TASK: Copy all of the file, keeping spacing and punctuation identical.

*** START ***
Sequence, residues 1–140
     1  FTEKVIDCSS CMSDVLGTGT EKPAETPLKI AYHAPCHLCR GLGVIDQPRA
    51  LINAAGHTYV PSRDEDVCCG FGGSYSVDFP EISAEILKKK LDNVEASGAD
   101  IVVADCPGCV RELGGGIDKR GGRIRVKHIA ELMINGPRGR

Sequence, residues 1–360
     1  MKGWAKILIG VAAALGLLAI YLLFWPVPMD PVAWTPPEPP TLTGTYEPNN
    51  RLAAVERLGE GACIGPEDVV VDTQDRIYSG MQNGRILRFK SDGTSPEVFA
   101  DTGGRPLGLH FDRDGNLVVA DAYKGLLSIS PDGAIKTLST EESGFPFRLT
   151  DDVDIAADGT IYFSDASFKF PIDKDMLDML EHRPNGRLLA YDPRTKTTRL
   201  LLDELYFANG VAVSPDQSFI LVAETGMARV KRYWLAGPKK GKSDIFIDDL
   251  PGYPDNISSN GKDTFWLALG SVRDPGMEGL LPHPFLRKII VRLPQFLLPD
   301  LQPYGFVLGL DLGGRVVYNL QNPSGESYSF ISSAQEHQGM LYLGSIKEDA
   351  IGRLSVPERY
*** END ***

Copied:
Sequence, residues 1–140
     1  FTEKVIDCSS CMSDVLGTGT EKPAETPLKI AYHAPCHLCR GLGVIDQPRA
    51  LINAAGHTYV PSRDEDVCCG FGGSYSVDFP EISAEILKKK LDNVEASGAD
   101  IVVADCPGCV RELGGGIDKR GGRIRVKHIA ELMINGPRGR

Sequence, residues 1–360
     1  MKGWAKILIG VAAALGLLAI YLLFWPVPMD PVAWTPPEPP TLTGTYEPNN
    51  RLAAVERLGE GACIGPEDVV VDTQDRIYSG MQNGRILRFK SDGTSPEVFA
   101  DTGGRPLGLH FDRDGNLVVA DAYKGLLSIS PDGAIKTLST EESGFPFRLT
   151  DDVDIAADGT IYFSDASFKF PIDKDMLDML EHRPNGRLLA YDPRTKTTRL
   201  LLDELYFANG VAVSPDQSFI LVAETGMARV KRYWLAGPKK GKSDIFIDDL
   251  PGYPDNISSN GKDTFWLALG SVRDPGMEGL LPHPFLRKII VRLPQFLLPD
   301  LQPYGFVLGL DLGGRVVYNL QNPSGESYSF ISSAQEHQGM LYLGSIKEDA
   351  IGRLSVPERY